Vanderbilt Law Review

First Page



From the beginning of our constitutional life, the Supreme Court has articulated principles that structure the juridical relationship between international law and domestic law. These principles purportedly offer rules of decision for resolving in domestic courts the potential in-consistencies between external and internal sources of law, and they do so with the surface simplicity of axioms. Treaties, for example, cannot trump constitutional norms.' Customary international law can provide a rule of decision at least in the absence of controlling legislative or executive acts. In the case of an irreconcilable conflict between a treaty and a statute, the latter-in-time prevails. When Congress incorporates conventional or customary norms into a statute, those norms become directly enforceable and in the absence of any other applicable principle, United States statutes should be read "where fairly possible" so as not to violate international law.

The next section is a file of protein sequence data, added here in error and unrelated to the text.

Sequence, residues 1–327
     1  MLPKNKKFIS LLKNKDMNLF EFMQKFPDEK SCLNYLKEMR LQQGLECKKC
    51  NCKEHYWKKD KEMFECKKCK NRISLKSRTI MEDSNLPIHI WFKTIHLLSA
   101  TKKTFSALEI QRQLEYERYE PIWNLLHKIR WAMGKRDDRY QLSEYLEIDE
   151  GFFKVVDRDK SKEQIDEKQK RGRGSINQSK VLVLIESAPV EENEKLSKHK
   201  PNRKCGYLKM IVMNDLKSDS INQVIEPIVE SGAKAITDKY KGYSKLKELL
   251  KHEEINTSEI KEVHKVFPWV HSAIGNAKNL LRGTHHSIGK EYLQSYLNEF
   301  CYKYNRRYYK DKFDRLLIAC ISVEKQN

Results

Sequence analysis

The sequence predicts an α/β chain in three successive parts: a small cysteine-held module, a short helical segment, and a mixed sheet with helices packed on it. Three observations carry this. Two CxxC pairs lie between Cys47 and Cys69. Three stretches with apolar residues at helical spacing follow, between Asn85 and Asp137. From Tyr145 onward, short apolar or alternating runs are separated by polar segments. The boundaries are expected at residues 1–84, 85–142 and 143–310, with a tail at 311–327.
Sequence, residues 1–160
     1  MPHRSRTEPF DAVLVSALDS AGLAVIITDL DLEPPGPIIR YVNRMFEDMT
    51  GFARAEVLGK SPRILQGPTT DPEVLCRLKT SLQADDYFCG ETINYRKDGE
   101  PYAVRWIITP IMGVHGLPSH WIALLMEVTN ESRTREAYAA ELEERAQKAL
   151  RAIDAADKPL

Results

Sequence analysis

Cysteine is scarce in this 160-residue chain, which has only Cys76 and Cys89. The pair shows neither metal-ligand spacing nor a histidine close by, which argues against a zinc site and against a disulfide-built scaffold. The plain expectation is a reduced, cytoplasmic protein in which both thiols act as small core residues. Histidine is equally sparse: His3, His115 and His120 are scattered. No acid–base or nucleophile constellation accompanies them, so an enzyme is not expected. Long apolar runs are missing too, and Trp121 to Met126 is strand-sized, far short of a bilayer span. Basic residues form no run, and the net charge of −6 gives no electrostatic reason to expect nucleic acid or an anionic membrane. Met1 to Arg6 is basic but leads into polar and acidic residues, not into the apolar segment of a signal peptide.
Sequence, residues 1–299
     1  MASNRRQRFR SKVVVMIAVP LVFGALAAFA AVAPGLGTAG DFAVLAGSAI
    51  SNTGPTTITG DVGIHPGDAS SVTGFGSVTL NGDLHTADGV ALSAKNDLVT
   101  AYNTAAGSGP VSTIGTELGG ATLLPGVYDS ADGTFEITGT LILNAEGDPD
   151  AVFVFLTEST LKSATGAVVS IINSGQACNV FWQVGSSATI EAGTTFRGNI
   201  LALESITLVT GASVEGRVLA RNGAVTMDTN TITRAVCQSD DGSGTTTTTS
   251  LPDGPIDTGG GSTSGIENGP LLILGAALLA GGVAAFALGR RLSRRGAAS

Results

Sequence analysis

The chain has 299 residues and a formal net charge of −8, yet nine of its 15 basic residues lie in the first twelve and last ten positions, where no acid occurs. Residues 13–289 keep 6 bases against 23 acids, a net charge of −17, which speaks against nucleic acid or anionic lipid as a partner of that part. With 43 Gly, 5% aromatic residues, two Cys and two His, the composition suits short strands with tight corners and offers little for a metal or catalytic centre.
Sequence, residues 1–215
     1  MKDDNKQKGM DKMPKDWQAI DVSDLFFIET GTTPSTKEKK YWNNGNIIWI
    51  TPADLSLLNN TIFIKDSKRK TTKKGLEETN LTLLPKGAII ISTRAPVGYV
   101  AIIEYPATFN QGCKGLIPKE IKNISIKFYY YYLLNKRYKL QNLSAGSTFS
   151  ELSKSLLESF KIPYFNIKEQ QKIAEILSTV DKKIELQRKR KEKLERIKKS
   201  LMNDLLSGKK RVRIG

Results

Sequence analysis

These principles have been criticized variously as innocuous, anomalous, and asymmetrical.' But they also reflect the Court's insistence hat domestic and international law be accommodated, not necessarily as equals, but as two legitimate sources of norms binding on the United States and enforceable in its courts. Doctrinal purity may have been sacrificed, but the Court's accommodationist imperative has had the advantage of avoiding both dualist and monist extremes. As a result of the Supreme Court's approach, the debate persists about the proper way to characterize the relationship between international and domestic law in the United States.